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How I Began to 唱快樂的光腳丫歌 Sing the Happy Barefoot Song in Chinese



(wo3) (zen2 me.) (kai1 shi3) (chang4) [(wo3) (de.)] (zhong1 wen2) [(kuai4 le4) (de.)] (guang1 jiao3 ya1) (ge1)

(I) (how) (begin) (to sing) [(I) +(modifier) = my] (Chinese) [(happy) +(modifier indicating it is an adjective)] (bare foot) (song)

How I began to sing my Happy Barefoot Song in Chinese.


When you are reciting


(一閃一閃)❶ (小) (星星)

(yi1 shan3 yi1 shan3) (xiao3) (xing1 xing1)

(one flash, one flash) (little) (star)

Twinkle, twinkle little star (you can find that song in Chinese here.)


Silently in your head while running,



(you3 shi2 hou4) (ni3) [(yi4 wai4) (de.)] (lian2 xiang3 qi2) [(xin1) (de.)] (ci2 ju4)

(sometimes) (you) [(accident)+(modifier like the English “ly”) = accidentally] (connect, to think of) [(new) (modifier makes it an adjective)] (words, phrases)

Sometimes you accidentally find yourself singing new words or phrases.


Next thing you know,



(ni3) [(chang4) (zhe.)] (kuai4 le4 de.) (guang1 jiao3 ya1) (ge1)

(you) [(to sing) (modifier similar to “ing”)] (happy) (bare foot) (song)

you are singing the happy bare feet song!


But you did it in English and



(ni3) (xian4 zai4) (yao4) (fan1 yi4) (cheng2) (zhong1 wen2).

(you) (now) (to want) (to translate) (to become) (Chinese).

you now want to translate it to Chinese.


Your tutor figures out the translation



[(zai4) (yong4)] (ni3) (yi3 jing1) (ming2 bai2) [(zhi1 dao4)(de)] (ci2 hui4)

[(Another “ing” type modified, but one that is put in front of the verb) + (to use) = using] (you) (already) (clear, understand) [(to know) + (modifier making it an adjective) = known] (vocabulary).

using vocabulary you know clearly.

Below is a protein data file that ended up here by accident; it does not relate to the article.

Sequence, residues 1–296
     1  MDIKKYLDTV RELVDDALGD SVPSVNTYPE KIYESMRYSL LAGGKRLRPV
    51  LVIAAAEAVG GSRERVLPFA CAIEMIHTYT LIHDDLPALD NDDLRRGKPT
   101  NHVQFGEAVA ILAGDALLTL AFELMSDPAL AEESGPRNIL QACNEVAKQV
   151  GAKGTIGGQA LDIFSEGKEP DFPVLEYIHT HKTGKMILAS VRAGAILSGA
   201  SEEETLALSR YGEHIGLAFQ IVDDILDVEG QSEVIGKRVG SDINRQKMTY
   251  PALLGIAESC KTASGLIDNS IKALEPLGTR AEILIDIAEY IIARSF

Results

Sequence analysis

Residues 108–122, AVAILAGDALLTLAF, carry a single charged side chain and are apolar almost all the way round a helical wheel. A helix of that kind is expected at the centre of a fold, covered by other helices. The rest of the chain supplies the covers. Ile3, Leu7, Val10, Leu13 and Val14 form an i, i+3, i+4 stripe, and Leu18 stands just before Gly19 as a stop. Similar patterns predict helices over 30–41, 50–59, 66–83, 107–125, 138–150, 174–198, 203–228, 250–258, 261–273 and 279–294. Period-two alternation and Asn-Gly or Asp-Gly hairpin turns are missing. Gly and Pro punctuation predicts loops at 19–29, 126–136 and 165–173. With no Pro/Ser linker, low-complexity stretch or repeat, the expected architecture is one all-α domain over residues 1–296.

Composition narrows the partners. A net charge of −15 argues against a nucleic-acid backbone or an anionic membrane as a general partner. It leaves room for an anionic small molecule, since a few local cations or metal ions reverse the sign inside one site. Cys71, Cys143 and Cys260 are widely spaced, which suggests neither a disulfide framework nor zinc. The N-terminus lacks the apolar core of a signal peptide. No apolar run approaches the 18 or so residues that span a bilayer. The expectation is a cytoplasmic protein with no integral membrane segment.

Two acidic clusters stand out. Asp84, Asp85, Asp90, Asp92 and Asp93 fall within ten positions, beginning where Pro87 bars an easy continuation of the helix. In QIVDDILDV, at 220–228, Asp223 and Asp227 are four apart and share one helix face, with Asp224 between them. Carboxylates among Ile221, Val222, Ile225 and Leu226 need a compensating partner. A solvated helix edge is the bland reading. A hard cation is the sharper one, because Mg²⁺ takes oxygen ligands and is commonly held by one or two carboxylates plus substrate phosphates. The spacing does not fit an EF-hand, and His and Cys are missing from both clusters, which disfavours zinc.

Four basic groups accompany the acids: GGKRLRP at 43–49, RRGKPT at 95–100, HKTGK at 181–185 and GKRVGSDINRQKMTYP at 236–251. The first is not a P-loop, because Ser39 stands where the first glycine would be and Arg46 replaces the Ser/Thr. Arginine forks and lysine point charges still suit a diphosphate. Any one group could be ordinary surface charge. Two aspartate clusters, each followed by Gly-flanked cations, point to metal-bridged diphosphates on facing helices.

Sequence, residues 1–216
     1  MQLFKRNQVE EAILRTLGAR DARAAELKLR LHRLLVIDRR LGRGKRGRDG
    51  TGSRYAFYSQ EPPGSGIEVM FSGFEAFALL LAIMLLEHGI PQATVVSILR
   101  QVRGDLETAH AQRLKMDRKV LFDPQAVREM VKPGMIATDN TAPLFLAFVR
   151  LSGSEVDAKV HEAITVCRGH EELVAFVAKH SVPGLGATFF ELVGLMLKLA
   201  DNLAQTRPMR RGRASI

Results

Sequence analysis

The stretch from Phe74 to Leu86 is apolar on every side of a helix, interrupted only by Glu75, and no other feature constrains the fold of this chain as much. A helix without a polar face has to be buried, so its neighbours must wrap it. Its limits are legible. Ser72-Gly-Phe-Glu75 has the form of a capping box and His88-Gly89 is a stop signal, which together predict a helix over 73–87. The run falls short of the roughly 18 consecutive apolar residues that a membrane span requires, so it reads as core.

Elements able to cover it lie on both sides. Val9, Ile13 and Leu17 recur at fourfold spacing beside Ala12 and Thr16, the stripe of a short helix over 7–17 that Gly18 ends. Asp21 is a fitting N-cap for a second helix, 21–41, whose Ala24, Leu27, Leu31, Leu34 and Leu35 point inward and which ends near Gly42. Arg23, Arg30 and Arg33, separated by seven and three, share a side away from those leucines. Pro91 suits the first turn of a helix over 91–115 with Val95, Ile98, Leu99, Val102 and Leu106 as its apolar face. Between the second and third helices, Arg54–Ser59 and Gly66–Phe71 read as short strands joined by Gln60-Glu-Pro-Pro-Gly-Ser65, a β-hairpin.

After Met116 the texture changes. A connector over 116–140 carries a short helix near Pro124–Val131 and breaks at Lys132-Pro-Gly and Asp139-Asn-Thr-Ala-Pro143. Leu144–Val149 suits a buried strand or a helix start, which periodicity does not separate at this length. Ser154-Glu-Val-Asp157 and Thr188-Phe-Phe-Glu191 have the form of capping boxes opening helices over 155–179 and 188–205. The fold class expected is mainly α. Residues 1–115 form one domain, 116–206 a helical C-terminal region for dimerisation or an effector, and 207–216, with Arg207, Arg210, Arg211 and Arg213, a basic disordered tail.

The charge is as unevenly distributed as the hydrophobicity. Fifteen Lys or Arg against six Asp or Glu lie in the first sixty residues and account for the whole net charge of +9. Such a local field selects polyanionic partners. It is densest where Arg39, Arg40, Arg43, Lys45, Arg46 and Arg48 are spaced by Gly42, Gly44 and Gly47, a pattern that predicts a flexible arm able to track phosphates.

比起 英文, 中文用更多字在音節裡。

(比起) (英文), (中文)(用)(更多)(字)(在)(音節)(裡)。

(bi3 qi2) (ying1 wen2), (zhong1 wen2) (yong4) (geng4 duo1) (zi4) (zai4) (yin1 jie2) (li3)

(compare to) (English), (Chinese) (to use) (even more) (characters, words) (for) (lyrics) (in)

compared to English, Chinese uses more words in the lyrics.


So, you decide



(ni3) (ying1 gai1) (zuo4) (xin1 de.) (qu3 diao4)

(you) (should) (to make) (new) (melody, tune)

you should write a new tune.





(jin1 tian1) (ni3) (zhi3 you3) (xie3) [(ge1) (ci2)]

(today) (you) (only) (to write) [(song) + (words) = lyrics]

today you will just write down the lyrics:





(guang1 jiao ya1) (pao3 bu4) (zhen1) (you3 qu4)!

(Bare foot) (to run) (really) (interesting, fun, fascinating)

Running barefoot is so fun!




(zai4) (yu3) (zhong1) (huo4) (zai4) (yang2 guang1) (xia4)!

(in) (rain) (middle) (or) (in) (sunshine) (under)!

In the rain and in the sun!


跳過水窪, 閃過枝條

(跳過)(水窪), (閃過)❶(枝條)

(tiao4 guo4) (shui3 wa1), (shan3 guo4) (zhi1 tiao2)

(jump over) (water hollow or hole), (to dodge over or past) (stick)

Jumping puddles, dodging sticks




(kuai4 le4 de.) (jiao3 ya1) (qiang2 zhuang4) (you4) (xun4 su4)

(happy) (feet) (strong) (also) (quick, swift)

Happy feet are strong and quick!




(wan1 yi4 wan1), (yao2 yi4 yao2), (gan3 shou4) (ta1 men.) [(beng4 chu1) (de.)(jian4 kang1),

(bend a little), (wiggle a little), (to feel) (them) [(spring, pop, jump, burst out) (makes word an adjective describing the word “health”)](health),

Bend and wiggle, feel them spring (“with health” needs to be tacked on to the Chinese phrase here, but not the English)




(han4) (wo3 de.) (guang1 jiao3 ya1 zi.) (dai4 lai2 de.) (xi3 le4)

(and) (my) (bare feet) (bring here) (joy)!

(health) and joy my bare feet bring.



Notes on helpful things I learned or was reminded of while writing these sentences:

❶ 閃 (shan3) is the same verb used for both “flash” and “dodge”

❷ There is more than one way to indicate the “ing” in Chinese. Some characters for this go in front of the verb, as with 在 (zai4), and some characters go behind the verb, as with 者 (zhe.)

❸ Whereas in English we say “translate into” another language, in Chinese you say “translate to become” another language.

❹ This 丫 (ya1) is one of those sounds/characters that is just used in Chinese speaking for the sound and rhythm of it, with no real meaning.

❺ In Chinese, they don’t say “in the sun.” They would think this inappropriate for it’s obvious literal impossibility. It is necessary to specify that a person is only “under the sunshine.”